Choosing Your Wedding Music
Choosing songs for your wedding is a (hopefully!) fun and exciting process. But if you don't know where or how to start, it might be a little stressful. Here are some definitions and general guidelines to get you started.
Prelude music: The music that I play before your ceremony while guests arrive. Typically lasts 30 minutes (10-12 songs). You're welcome to choose all of the songs, choose just a few, give me some genre/artist guidelines, or leave it up to me entirely.
General processional: This is the song your bridal party - bridesmaids, groomsmen, parents, grandparents, flower girl, ring bearer, and anyone else who walks out ahead of you - will walk down the aisle to. I think it works best to pick something slow that flows well into the bridal march. If you have a very large bridal party, you might want to have two songs, one for your parents and grandparents and another for the bridesmaids.
Small wedding alternative: If you have a very small bridal party, you might not want a separate processional song at all, but rather one song for both bridal party and bride.
Bridal march: This is the song for the bride's walk down the aisle. I think it works best if it’s on the slower side, but the most important thing is that you love it! Many people go for the traditional "Canon in D" or "Here Comes the Bride," but just as many if not more of the couples I work with pick something contemporary with vocals or an instrumental Irish tune.
Recessional: This is the song that starts either after your officiant announces you or as you have your first kiss as a married pair, that then continues to play while you and your bridal party all exit. It's best if it's something upbeat, fast-paced, happy and joyful. Something that says, “Yay, now we’re married, let’s party!” If you’re going all standard classical for the ceremony, this is sometimes a good time to slip in a contemporary song for fun.
Small wedding alternative: If you're having a very small wedding with just parents and a few close friends, following your ceremony with your first dance might work even better than having a standard recessional.
Postlude music: The music that I play after the recessional song while your guests exit. Typically 1-3 additional songs, but can last longer if you're sticking around to have photos taken.
Optional Mid-Ceremony Music Additions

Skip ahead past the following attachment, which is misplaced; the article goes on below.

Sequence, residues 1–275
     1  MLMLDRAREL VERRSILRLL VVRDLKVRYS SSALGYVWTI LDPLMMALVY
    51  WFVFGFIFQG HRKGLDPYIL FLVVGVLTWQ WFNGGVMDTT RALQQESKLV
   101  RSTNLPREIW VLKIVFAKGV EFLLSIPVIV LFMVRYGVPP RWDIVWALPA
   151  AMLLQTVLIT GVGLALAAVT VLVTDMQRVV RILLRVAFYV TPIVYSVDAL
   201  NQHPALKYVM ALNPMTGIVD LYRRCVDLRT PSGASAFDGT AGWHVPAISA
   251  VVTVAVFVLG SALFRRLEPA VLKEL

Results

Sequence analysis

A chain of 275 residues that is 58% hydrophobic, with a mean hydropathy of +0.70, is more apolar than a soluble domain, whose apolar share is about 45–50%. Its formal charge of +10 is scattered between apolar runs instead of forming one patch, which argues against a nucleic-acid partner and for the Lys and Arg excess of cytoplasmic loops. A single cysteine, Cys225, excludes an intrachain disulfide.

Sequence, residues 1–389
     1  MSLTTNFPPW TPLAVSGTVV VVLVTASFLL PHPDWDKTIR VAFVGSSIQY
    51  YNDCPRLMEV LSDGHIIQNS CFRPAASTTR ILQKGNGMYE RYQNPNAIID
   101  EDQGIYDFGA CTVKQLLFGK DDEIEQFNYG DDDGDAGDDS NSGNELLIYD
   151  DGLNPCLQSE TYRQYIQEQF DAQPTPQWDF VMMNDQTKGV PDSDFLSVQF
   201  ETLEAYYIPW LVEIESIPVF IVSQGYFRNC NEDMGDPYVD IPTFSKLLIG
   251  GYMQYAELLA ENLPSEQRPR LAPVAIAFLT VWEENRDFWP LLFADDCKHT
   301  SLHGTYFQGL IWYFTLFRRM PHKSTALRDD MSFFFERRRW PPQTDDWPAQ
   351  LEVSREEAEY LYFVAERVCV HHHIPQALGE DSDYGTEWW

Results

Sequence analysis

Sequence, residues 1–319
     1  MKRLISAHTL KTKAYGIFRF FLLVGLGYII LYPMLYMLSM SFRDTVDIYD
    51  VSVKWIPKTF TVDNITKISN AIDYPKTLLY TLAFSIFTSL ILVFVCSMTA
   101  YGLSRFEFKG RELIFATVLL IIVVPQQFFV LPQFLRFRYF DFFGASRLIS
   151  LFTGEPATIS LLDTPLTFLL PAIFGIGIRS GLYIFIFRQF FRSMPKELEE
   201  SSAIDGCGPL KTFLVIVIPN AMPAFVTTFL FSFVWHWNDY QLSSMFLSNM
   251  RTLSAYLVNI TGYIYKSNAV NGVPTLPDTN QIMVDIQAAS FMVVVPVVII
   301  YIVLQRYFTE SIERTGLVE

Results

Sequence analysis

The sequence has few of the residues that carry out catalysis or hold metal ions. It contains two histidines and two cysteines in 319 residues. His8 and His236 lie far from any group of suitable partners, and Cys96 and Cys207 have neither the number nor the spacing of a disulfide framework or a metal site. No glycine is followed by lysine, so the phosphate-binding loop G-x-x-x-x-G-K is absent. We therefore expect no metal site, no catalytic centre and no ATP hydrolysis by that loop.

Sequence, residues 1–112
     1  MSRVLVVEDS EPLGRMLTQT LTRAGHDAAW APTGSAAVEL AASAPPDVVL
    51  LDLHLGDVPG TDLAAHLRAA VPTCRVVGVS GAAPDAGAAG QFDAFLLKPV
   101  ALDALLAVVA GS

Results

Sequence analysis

Mid-ceremony musical interludes: Ring blessings, hand-fasting ceremonies, unity candle lightings, sand pouring ceremonies, or other rituals in the middle of the ceremony are all great times to add in music since they're often otherwise silent. Something fairly quiet and not too distracting is preferable, but it can also be a good way to feature another song you really love. The music can be queued up to whatever is going on, or can be played in its entirety if you'd like.
Transitions: Short instrumental pieces can smooth things over while speakers are walking up and coming back down from the altar.
Music during the entire ceremony: Another option you can consider is having me play light instrumental music, volume turned down on my amplifier, throughout the entire ceremony.
Choosing Your Songs
If you have a song or songs in mind already, great! But if you're not sure, here's what I suggest:
Think about the overall vibe you want. Do you want all instrumental, songs with vocals, or a mix? Do you want to keep it traditional with the classical standards? Traditional with a twist? Fresh and contemporary? Rustic and folky? Do you want to honor your families’ heritage, or would you like the music to say something about you as a couple? Do you want to honor your parents by walking down the aisle to the same song they did?
Tell me your favorite artists. They might have a great wedding-appropriate song you hadn’t thought of. Or perhaps you have a couple of favorite songs, but you don’t think the lyrics are ceremony-appropriate; I could do an instrumental version, or adapt the lyrics.